a) Almost every director wants to write.

b) Almost everyone feels that just directing is not creative enough. They want credits even for giving feedback on scripts.

c) Everyone has ten great ideas but writing 120 pages is too much work.

I also find it very strange the way most directors and writers are so secretive about their scripts as if it’s the next big thing. If it’s a high-concept film, it’s easy to understand the madness to keep it under wraps. But when was the last time someone made a concept film in Bollywood? Look at the films we are making every year, I find it’s a funny situation the way we want to hide these scripts. Feels like it’s more of an insecurity. Imagine if someone reads the scripts and tells that it sucks, the film will not get made then? Nobody takes the feedback in positive way – someone says it’s shit. Ok, let’s work on it. Make it better. What do you tell the producer who has spent money on films like Rakht Charitra, Rann, Jhootha Hi Sahi and Mausam? Hire someone who can read scripts!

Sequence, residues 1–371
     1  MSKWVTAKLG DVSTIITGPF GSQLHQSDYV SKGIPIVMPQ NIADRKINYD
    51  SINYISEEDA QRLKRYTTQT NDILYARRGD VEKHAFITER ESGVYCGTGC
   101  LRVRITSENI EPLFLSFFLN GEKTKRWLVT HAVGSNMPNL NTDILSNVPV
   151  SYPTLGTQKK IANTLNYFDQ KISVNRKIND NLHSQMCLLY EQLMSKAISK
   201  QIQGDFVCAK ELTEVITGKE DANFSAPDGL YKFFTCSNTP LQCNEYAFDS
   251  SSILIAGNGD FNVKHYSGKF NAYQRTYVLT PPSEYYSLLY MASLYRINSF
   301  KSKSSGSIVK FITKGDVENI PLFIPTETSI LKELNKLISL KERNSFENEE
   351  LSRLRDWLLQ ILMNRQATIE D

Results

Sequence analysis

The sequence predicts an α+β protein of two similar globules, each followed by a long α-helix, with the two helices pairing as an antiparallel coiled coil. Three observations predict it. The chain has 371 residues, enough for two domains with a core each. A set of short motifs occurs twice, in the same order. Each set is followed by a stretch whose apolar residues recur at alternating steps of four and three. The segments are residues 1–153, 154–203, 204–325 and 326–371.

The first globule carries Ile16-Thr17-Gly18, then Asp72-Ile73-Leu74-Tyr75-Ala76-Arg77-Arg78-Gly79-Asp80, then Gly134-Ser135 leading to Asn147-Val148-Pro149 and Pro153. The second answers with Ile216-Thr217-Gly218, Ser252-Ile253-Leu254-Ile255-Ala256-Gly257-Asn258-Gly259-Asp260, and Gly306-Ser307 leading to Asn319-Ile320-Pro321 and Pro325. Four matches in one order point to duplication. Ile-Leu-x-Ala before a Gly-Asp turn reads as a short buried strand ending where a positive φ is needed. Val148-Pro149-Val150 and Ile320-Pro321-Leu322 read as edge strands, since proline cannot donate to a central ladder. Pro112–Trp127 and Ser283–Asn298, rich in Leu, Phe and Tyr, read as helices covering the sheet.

Charlie Kaufman: To begin… To begin… How to start? I’m hungry. I should get coffee. Coffee would help me think. Maybe I should write something first, then reward myself with coffee. Coffee and a muffin. Okay, so I need to establish the themes. Maybe a banana-nut. That’s a good muffin.

Look at QT. He leaked the script of Inglourious Basterds almost a year before he started shooting. Same with his latest one Django Unchained. When you are confident that it’s a good script, am not sure what’s the reason to hide. Think, people will read it, spread the good word and will eagerly wait for it to arrive. And if you are interested to read the script reviews of Hollywood films, click here.

Trying to source the  scripts post-release seems to be a difficult game too. And i ask for it so that the script can be shared here on the blog, and anyone who is interested in screenwriting, can read it. Thanks to Vikramaditya Motwane, have managed to put only Udaan’s script so far. I guess the rest loves tom-toming about their scripts going to Oscar library.